Wednesday, July 25, 2007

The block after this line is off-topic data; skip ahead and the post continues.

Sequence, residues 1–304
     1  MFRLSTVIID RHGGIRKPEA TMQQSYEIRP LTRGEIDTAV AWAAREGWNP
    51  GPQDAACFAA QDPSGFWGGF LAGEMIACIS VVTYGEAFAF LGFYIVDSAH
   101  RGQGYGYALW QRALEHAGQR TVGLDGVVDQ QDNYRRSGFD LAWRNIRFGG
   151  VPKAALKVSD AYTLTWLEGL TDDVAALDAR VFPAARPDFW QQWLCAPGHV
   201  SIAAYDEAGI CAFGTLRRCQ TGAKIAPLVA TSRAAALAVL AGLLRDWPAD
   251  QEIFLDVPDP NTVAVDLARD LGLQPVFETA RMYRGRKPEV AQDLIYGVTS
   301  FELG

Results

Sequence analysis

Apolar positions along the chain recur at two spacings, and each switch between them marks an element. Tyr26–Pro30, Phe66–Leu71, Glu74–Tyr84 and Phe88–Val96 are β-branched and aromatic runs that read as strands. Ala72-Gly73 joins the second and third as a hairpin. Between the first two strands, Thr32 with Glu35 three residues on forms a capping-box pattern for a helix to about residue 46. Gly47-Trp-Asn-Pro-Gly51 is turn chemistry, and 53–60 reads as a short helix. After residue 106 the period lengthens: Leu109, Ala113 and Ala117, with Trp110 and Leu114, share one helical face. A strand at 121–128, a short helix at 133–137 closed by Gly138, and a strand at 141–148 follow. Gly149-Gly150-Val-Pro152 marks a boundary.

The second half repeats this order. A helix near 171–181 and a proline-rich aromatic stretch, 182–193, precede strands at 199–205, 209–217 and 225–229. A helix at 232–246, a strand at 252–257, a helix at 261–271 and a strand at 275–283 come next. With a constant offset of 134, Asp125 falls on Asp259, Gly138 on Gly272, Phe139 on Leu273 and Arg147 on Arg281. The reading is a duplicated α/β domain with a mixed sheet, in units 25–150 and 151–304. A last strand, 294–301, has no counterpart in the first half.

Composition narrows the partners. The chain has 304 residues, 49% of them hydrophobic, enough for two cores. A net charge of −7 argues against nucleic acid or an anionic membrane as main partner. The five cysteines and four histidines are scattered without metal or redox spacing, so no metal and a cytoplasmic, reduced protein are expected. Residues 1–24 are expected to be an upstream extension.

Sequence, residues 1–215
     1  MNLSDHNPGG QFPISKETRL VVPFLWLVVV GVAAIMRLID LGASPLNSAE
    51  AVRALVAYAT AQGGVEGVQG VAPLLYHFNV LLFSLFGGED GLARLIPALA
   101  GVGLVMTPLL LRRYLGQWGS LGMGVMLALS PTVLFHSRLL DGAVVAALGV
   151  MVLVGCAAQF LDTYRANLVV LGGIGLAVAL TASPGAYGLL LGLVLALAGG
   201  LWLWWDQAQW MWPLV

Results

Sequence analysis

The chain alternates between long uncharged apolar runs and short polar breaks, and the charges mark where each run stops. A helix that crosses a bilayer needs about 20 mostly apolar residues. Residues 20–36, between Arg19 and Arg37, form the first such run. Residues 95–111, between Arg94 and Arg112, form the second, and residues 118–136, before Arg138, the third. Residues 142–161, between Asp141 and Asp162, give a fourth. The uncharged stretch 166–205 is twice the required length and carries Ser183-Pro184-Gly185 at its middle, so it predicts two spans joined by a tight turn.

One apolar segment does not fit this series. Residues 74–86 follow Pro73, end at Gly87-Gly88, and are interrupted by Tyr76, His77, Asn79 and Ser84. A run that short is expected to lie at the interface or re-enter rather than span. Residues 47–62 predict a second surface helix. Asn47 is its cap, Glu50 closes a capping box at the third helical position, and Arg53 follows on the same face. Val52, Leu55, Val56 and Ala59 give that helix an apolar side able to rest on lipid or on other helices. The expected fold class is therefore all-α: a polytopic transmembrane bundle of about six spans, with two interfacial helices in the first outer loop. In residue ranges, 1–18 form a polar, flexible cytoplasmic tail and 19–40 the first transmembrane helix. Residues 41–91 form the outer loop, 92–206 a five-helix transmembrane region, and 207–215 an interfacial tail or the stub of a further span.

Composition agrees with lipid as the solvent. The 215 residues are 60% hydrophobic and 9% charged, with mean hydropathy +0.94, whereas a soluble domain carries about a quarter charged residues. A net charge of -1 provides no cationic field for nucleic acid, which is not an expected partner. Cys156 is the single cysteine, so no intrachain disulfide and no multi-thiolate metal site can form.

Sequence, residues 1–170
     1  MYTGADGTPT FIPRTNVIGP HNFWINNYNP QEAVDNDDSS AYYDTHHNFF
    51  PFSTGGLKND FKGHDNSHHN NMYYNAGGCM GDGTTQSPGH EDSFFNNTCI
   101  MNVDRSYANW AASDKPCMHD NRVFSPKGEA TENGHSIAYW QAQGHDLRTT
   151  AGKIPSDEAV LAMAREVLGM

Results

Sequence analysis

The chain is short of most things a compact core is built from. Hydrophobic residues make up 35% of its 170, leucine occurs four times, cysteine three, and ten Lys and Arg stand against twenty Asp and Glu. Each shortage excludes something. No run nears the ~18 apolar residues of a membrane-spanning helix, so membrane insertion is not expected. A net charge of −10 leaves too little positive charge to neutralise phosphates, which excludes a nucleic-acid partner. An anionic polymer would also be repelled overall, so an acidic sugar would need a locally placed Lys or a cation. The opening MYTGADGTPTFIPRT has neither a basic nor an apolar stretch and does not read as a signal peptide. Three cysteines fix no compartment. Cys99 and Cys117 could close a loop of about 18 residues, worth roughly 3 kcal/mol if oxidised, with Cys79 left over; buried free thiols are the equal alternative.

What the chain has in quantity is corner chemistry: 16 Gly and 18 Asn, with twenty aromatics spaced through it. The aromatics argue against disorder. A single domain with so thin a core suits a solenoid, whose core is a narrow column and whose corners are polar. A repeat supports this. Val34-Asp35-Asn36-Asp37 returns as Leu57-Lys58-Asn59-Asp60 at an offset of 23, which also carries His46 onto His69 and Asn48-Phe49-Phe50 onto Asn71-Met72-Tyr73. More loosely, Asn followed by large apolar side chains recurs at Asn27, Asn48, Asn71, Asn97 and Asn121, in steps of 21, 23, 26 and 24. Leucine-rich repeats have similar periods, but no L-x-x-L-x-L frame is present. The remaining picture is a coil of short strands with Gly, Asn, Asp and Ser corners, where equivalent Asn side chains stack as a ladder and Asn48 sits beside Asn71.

Ok, I have been on a 30-day Wells Fargo watch and today's 10.7% increase was much better than I had expected. No sooner had I started to figure out why the hike was as generous as it was when one of our readers announced that Bank of America had hiked its dividend 14%. BAC's 14% hike has the effect of nearly striking me dumb(almost) : either they are complete idiots and a hike of such magnitude is equivalent to paying people to be their friends, or it is an honest signal on their part that their business is getting better, since last year's hike during the the 'good real estate days' was only 12%. I'll say it, so you won't have to: "So, Bank of America, et al, what about this nasty real estate balloon that is crashing against the jagged rocks; don't you see that you are going to lose a lot of money over the next couple of years as you foreclose on all those houses overlooking the Pacific ocean, or the Atlantic ocean, or the Gulf of Mexico. Doesn't that thought make you want to hold on to your precious cash. Aren't you worried that global warming will make West Virginia the new Florida (I'm just kidding here) and all of your so-called Sunbelt loans, shall we say, become 'Wetbelt loans?' Your 14% dividend hike is an insult to the intelligence of the New York Times. They say that banks are in trouble, and that investors should look at China, because it is the new California (I am kidding here, too). May I say in the nicest possible terms, 'Are you nuts?' Do you realize that your dividend yield in tomorrow's New York Times, Wall Street Journal, and Evansville Courier and Press will show 5.34%? That does not compute. You mean that your business is good enough to pay people more than they can earn from a 30-year US Treasury bond and throw in what ever growth you have over the next 30 years for free? You can't fool me. The New York Times is a bastion of capitalism, and if they say banks are in trouble, you are in trouble whether you know it or not. Of course, its interesting that the New York Times did not announce to the world that they were in trouble, too; that readers were abandoning them for the Internet and graffiti on subway walls. I don't remember them saying that they had bought a newspaper in China at the time that you bought a bank there. Maybe, just maybe they are the fools, not you. Maybe, just maybe, your dividend hike is an honest to goodness sharing of your blessings with your shareholders. Naw, surely not that. No one does something for nothing anymore."